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Meet Gladys Elizabeth Barbieri of Chucho’s Books: Bilingual Picture Books

Today we’d like to introduce you to Gladys Elizabeth Barbieri.

Gladys Elizabeth, please share your story with us. How did you get to where you are today?
I’ve always enjoyed reading, writing and the art of storytelling. I’m fascinated by people’s resiliency and how one person’s struggle can serve as a bridge for another to find hope and strength. As a K/1 teacher I spend most of my time consumed by picture books. I particularly love books that pull on my heartstrings, teach lifelong lessons and remind me that all is possible, even when life is presenting some challenging obstacles. I purposefully look for multicultural and diverse picture books to use in my classroom to expose my students to the richness of our world.

Over ten years ago, it was hard to come by bilingual (English/Spanish) picture books for my students. My dad said, “You’re a writer – why don’t you share your stories with your kids?” And so I did and over time, the stories I would share about myself as a child became the premise of the bilingual picture books I have written.

Has it been a smooth road?
It has not been a smooth road. It’s still not a smooth road, but at least now the path is a bit clearer. I am a full-time teacher and a great deal of my time is spent lesson planning, finding culturally relevant picture books that enhance curriculum. Most importantly, I have my family to attend to. The people I love and value come first. However, while the rejection letters still come my way, the process of writing a story has been nothing less than magical. Words cannot explain what it feels to be so enthralled by a story that its essence wakes you up at 4:00 AM in the morning, begging to be told. You spend months, even years surrounded by characters you get to know so intimately. I know that rejection letters are part of the creative process and that these stories will be told on their own time. In the meantime, I just keep writing and dreaming.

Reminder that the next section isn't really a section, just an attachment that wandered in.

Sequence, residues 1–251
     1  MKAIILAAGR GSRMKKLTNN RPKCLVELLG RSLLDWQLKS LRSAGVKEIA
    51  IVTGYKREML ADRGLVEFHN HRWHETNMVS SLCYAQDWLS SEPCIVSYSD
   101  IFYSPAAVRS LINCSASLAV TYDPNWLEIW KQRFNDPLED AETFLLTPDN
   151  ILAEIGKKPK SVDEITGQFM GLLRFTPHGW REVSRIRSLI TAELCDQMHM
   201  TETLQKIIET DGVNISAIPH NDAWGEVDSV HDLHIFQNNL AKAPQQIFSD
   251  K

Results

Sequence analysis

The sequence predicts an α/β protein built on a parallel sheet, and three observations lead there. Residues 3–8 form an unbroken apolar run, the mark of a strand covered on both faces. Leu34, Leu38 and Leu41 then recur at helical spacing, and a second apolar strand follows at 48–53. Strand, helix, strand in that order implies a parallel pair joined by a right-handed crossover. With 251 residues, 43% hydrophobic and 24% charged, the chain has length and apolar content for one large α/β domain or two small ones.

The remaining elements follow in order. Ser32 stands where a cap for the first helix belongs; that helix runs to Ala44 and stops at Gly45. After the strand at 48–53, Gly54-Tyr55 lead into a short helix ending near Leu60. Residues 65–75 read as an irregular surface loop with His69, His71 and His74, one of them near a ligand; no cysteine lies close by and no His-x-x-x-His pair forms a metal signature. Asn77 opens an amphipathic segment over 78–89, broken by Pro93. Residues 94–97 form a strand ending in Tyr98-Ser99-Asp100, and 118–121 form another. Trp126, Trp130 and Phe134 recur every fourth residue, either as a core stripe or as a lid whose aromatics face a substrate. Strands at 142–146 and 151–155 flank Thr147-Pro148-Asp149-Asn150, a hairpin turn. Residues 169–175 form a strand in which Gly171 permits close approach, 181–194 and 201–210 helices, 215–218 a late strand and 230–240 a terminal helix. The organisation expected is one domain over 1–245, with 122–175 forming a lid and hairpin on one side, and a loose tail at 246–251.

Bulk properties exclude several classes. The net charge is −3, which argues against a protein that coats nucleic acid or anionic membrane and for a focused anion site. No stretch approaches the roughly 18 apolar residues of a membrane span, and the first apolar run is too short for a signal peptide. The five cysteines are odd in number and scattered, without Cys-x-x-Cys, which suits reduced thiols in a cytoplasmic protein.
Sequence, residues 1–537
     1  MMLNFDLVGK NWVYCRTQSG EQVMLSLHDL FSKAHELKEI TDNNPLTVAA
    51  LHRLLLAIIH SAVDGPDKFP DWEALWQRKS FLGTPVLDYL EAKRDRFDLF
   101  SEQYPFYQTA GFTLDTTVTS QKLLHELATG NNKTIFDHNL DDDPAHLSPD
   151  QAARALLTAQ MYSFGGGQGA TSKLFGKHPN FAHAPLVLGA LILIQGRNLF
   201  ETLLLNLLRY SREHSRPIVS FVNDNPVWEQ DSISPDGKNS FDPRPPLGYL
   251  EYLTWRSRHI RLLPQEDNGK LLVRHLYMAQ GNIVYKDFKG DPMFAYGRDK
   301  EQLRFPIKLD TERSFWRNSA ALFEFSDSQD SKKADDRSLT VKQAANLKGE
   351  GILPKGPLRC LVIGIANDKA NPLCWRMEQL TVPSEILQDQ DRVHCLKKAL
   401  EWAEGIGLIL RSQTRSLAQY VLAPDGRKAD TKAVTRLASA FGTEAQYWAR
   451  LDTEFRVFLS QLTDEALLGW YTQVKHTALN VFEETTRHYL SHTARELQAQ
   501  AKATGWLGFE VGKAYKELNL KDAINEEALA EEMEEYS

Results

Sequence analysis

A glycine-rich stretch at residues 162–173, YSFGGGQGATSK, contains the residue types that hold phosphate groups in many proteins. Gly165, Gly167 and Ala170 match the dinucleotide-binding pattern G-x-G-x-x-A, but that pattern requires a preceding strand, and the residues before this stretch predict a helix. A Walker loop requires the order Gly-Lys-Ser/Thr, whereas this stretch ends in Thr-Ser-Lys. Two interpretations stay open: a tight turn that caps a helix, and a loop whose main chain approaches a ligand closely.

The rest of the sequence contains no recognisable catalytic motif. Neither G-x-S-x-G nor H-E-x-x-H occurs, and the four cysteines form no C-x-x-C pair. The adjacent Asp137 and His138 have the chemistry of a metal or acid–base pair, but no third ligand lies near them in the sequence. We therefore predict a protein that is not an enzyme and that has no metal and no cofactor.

So let’s switch gears a bit and go into the Chucho’s Books: Bilingual Picture Books story. Tell us more about the business.
I write bilingual (English/Spanish) picture books. The picture books I have written are based on my childhood experiences. When I share them with children, I see that the same things that irked me as a kid are still common issues today. For example, sibling rivalry (I was not so kind to my pesky little sister), being teased at school and wanting things that your parents cannot afford. I’m proud that my picture books provide a window for others to see a spunky, spirited and well-rounded Latina little girl dreaming big and making things happen.

In the book, “Pink Fire Trucks/ Los camiones de bomberos de color rosado” a little girl is teased when she says she’s going to be a ‘girl fireman’ when she grows up.

Finding the courage to believe in her dreams she shouts back, “MY DADDY SAYS I CAN BE WHATEVER I WANT TO BE!” Huge reminder that we find our courage from our family members. I’m forever grateful for my parents who continue to cheer me on.

I also write a teacher blog where I share the many picture books and activities I do in my class. I learn so much from other teachers and I hope my blog provides teachers support and ideas on things to try out in the classroom.

How do you think the industry will change over the next decade?
I hope to continue writing more books! I also plan on going back to school in the next couple of years to get my Doctor of Education (EdD) in Leadership. In my twenty-one years as an elementary school teacher I’ve learned so much from the great educators who are inspiring students. These individuals are changing and reforming school systems and providing students opportunities to grow in nurturing and enriching school environments. I’d like to teach teachers at the university level, continue to promote multicultural and diverse picture books and work with organizations that aim to share these books with schools. As a children’s author/educator I’ve had the privilege of working with Reading Is Fundamental of Southern California (RIFSoCal), Multicultural Children’s Book Day (MCCBD) and Read to a Child – organizations promoting literacy and books. I’d like to continue to do all of this on a larger scale.

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1 Comment

  1. Zarifa M. El

    October 19, 2021 at 15:06

    Hi, I’m Kaia, a pre-k student, I like your books Pink Fire Truck & A Charmed Life.

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